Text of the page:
Marrakech. Can’t get it out of my mind. I’m on the train now, speeding back (well, with long pauses) to Casa, where a flight will take us back to Paris. But I’m still in Marrakech. I’m still tossing and turning over it.
A commenter wrote that not everyone is so consumed by the Marrakech chaos that I write about so constantly here in my posts. I suppose you can leave it behind for a while. We did: early in the day, we turned our backs on it -- walking away from the intersection so close to our riad (now, imagine trying to get to the other side!)…
...heading (at least at first) toward the Majorelle Gardens – created by Jacques Majorelle, restored by Yves Saint Laurent, now open to the public. They are intimate, worldly (plants from every continent) and colorful (with an emphasis on incorporating into the design a deep blue, that has come to be nicknamed majorelle blue). And did I mention that they are breathtakingly beautiful?
majorelle et moi
Is there any chaos here, in the gardens? No. Like the rooftop of our riad, their noise is the noise of birds at play. Am I really in the same Marrakech that I described here yesterday?
Yes and no. One foot in each place. Outside the Gardens, the new Marrakech has the new eateries, but the colors are the same. Pink. And the donkeys are still pulling wagons.
At the same time, you can wander to a place like this:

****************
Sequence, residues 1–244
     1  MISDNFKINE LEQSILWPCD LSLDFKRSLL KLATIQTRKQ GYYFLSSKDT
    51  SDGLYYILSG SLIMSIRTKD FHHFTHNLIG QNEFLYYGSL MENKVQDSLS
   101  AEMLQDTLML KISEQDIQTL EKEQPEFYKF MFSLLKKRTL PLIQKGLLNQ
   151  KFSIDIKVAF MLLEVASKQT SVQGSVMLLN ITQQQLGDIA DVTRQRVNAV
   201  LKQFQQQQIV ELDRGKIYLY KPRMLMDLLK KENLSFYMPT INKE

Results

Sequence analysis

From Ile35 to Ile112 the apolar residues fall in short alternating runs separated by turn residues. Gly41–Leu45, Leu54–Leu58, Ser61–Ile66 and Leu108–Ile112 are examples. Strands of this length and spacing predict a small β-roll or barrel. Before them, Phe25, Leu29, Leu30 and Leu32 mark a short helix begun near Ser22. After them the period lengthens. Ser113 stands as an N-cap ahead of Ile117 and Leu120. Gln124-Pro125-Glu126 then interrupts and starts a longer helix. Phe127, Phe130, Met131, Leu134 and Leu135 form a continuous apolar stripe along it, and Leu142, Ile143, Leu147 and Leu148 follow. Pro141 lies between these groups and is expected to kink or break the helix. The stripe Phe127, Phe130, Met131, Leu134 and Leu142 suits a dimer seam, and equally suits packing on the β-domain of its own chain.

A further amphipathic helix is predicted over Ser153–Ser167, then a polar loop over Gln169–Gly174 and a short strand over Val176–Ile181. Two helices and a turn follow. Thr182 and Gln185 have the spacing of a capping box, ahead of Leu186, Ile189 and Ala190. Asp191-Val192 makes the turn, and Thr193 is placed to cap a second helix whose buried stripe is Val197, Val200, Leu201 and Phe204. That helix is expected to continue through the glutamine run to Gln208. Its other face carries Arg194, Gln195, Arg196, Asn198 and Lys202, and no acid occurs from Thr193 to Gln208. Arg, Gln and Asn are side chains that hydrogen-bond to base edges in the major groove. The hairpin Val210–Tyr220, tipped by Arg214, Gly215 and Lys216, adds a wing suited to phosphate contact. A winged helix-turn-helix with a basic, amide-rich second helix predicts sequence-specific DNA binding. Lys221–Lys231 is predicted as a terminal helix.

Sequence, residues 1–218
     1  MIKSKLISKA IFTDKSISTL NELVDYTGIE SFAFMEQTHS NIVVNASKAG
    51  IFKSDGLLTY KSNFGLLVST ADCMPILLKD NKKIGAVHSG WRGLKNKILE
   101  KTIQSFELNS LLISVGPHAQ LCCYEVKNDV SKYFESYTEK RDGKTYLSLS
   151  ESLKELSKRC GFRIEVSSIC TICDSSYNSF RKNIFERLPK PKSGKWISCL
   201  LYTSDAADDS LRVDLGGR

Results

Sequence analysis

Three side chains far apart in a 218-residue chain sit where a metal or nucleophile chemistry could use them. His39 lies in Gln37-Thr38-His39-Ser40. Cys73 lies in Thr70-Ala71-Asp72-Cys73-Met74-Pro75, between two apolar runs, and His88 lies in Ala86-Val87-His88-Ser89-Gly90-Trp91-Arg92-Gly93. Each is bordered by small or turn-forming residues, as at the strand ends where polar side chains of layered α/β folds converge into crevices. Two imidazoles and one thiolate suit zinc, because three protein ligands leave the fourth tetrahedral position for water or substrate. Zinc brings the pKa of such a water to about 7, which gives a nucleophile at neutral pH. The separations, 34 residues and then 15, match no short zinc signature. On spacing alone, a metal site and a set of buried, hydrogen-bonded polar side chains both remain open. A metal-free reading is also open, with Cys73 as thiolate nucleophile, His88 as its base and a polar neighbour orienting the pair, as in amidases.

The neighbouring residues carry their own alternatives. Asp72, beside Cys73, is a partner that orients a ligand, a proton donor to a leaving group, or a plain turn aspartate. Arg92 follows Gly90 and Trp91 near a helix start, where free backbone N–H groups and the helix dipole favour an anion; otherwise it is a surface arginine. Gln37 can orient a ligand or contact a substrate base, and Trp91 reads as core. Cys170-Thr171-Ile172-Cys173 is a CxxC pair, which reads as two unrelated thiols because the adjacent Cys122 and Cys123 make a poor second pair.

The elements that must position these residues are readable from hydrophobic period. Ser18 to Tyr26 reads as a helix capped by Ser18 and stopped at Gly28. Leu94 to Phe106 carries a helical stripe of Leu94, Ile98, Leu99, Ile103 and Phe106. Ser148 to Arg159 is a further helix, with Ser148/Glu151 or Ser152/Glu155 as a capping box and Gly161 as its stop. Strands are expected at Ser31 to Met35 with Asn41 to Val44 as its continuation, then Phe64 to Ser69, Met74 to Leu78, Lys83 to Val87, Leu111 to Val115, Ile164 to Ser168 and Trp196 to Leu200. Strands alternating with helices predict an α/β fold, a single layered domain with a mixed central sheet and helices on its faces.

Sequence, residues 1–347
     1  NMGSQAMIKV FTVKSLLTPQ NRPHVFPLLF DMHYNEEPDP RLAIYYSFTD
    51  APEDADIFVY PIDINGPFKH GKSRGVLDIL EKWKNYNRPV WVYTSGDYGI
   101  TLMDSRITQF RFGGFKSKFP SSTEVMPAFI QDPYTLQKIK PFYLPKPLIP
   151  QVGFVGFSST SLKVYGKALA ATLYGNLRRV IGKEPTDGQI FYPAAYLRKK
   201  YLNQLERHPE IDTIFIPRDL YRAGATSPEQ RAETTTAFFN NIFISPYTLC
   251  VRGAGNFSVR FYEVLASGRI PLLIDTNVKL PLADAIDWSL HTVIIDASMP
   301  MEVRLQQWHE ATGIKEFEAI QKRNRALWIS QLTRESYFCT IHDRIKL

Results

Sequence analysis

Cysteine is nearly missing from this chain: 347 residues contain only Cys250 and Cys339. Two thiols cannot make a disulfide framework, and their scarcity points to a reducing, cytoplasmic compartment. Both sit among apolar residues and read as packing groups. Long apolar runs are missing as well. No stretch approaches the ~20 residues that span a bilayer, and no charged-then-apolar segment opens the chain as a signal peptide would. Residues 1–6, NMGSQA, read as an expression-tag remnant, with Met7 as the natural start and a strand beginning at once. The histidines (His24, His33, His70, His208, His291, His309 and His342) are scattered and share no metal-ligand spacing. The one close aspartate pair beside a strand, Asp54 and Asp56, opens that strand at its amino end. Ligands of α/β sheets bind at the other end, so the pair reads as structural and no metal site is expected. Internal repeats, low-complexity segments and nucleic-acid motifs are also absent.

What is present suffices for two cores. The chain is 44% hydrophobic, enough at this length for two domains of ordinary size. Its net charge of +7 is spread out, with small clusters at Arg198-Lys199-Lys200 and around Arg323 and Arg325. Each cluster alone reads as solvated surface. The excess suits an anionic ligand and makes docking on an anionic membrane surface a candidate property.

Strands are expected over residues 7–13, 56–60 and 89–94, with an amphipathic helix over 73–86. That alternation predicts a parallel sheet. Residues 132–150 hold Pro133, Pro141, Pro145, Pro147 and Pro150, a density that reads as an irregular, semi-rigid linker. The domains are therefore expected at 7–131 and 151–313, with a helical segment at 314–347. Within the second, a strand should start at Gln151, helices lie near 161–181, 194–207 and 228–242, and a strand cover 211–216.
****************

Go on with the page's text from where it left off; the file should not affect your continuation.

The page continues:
…and enjoy a fantastic lunch of Moroccan “tapas” (hummus, eggplant, Moroccan samosas), and plug in your computer. No, not me. No computer in my bag. But then, I don’t live here. I live in the Medina, the old town. The Medina, remember? Yes, with the souks, the square, the mosques and their periodic wailing song, heard over the din of scooters, the Medina, where everyone watches and no one wants to be seen.
Back we go, to our beloved riad, to the rose petals, the art, the rooftop. The sun is low but oh so sweet and warm.
But in the evening, we are again in chaos. The food stalls, monkeys on leashes, snake charmers, story tellers – they’re all back at the square, entertaining the crowds that come each night. To listen and watch. To eat. To drink mint tea.
For the price of a drink (water for us), you can climb to the roof of a café and see it all en masse. To the left, in front, to the right, stretching beyond the range of my camera – chaos. Delicious, mesmerizing, unbelievable chaos. The type that you’ll remember always. The type worth traveling for.
For out last dinner, we return to Le Topsil – the place just down the alley from our riad. No escort needed. They know us, we know them. The routine is comfortably familiar. One price and you eat and drink all that is presented. Dishes of vegetables, tajine pots, couscous of course, peaches, cakes – it’s all there.
Soothing. Even Marrakech can be soothing. Lovingly caring.
At six in the morning, someone knocks and brings a tray of hot pastries, fresh orange juice and coffee. At our riad, breakfast is served anytime. At 6 in the evening if that is your wish, at 6 in the morning if you have a train to catch.
And now, I look out the window at this rugged hilly land – the olive trees, the herds of sheep, goats, even the occasional camel...
...and I think back to the Medina... rugged as well, in her unique way. Compelling. Beautiful.
And I know that the calm is there too, upstairs maybe, or just outside, in the garden.